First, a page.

Notre Dame, the treasured cathedral that has watched over Paris for more than eight centuries, is still standing. After hundreds of firefighters waged a nail-biting, hours-long battle against the flames watched around the world, French officials said the devastating fire was finally extinguished on Tuesday morning. Now, experts are beginning to asses the damage, and while it's too early to know the full extent of what was lost, new photos provide a glimpse of what perished -- and miraculously endured -- inside the architectural marvel.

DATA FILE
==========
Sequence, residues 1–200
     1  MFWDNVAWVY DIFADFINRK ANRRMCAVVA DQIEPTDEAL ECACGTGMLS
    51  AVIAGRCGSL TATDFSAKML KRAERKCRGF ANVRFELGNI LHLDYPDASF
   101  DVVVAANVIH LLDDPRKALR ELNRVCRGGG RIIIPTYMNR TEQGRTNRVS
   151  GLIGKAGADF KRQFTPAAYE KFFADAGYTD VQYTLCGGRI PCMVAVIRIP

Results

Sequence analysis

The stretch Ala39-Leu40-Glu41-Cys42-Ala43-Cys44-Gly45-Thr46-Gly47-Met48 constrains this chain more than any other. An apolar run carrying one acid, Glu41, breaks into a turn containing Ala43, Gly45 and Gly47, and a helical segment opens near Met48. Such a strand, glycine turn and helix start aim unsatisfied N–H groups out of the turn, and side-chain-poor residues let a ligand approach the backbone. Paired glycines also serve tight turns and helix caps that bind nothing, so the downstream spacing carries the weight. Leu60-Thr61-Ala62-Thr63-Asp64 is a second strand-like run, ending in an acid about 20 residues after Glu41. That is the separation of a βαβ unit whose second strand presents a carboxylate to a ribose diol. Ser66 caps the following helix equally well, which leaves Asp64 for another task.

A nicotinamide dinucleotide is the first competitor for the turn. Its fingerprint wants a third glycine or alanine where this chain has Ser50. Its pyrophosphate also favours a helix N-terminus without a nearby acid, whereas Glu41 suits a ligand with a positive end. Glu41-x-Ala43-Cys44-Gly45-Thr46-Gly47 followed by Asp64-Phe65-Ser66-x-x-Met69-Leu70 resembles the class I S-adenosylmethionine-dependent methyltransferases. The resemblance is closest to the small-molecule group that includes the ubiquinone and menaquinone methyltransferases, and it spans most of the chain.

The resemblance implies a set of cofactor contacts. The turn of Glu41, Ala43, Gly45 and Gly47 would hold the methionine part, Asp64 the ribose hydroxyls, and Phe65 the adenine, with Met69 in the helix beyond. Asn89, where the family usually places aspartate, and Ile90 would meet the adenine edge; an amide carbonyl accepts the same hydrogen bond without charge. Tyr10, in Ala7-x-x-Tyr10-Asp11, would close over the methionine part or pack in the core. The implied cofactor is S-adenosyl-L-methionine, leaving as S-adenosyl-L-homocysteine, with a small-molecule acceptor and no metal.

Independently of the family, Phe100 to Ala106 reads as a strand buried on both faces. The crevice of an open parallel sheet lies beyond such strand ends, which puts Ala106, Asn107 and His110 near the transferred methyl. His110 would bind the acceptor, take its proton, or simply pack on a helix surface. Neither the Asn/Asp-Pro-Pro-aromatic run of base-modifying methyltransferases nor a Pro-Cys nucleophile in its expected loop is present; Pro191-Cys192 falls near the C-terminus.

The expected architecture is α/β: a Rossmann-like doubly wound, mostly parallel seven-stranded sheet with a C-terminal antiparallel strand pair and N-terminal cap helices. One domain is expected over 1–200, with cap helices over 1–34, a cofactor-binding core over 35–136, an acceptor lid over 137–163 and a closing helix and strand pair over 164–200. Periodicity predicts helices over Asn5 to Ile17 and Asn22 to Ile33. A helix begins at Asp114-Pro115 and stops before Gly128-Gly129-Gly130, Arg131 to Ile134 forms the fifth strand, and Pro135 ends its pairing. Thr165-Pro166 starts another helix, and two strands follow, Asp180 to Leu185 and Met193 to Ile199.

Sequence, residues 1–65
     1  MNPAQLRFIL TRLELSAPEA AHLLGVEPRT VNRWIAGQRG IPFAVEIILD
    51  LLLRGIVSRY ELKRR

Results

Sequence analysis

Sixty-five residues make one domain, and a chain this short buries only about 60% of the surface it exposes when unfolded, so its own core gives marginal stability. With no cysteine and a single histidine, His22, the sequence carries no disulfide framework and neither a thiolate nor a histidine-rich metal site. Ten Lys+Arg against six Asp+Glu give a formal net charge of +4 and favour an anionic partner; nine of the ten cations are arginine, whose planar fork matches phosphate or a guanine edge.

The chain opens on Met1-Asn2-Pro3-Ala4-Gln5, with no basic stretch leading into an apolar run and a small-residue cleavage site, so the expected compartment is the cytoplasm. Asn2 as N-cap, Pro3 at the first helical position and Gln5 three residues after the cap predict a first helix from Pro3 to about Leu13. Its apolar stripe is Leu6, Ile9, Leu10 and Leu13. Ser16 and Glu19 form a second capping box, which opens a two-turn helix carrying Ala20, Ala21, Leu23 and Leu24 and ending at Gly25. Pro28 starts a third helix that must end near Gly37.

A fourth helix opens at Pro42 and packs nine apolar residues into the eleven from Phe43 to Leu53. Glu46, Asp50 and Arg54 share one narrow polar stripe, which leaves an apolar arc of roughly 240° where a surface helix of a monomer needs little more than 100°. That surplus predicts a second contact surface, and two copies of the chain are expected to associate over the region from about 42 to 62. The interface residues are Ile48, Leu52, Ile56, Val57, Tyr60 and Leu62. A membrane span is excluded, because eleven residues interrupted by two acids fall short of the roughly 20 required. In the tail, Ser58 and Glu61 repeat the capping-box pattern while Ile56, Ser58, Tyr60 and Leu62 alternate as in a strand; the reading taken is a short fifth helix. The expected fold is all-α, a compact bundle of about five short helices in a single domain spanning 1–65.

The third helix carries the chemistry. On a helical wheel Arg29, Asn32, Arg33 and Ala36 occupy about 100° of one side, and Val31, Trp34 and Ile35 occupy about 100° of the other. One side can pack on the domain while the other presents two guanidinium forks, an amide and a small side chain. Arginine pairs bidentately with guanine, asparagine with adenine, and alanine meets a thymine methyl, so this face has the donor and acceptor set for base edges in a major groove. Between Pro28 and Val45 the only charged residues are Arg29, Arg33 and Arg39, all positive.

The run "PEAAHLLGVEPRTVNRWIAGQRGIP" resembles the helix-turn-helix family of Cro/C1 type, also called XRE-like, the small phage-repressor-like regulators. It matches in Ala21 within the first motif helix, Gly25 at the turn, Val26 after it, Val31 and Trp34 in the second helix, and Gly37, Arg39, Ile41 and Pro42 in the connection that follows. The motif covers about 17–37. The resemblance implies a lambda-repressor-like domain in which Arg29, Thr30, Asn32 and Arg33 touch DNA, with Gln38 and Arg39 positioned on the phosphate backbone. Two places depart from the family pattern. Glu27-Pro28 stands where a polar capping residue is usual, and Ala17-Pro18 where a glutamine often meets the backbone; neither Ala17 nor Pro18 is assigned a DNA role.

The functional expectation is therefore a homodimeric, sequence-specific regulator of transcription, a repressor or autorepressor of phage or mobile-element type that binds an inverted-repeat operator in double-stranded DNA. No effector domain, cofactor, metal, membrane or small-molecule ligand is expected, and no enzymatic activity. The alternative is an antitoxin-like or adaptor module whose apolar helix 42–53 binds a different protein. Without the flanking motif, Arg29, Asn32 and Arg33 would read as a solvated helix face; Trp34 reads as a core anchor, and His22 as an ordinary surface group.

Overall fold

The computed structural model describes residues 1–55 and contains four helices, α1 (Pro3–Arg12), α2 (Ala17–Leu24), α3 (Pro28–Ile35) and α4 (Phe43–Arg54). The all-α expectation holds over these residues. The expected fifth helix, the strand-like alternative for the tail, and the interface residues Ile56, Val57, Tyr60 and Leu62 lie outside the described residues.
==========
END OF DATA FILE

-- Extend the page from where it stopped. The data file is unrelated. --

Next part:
The structure, which was completed in 1345, is home to troves of priceless artwork, religious relics, and other historic artifacts in addition to its globally revered Gothic architecture. As CNN reports, the Rose windows -- the cathedral's beloved trio of gorgeous stained-glass windows, have survived the blaze, along with its twin bell towers, great organ, and even Crown of Thorns that is believed to have been placed on the head of Jesus.
As donations and generous pledges to help rebuild Notre Dame pour in from around the world, photos and reports from the scene are trickling out, revealing what it looks like inside the historic cathedral after the fire decimated its roof and brought down its iconic spire. Here are some of the early images from the ground: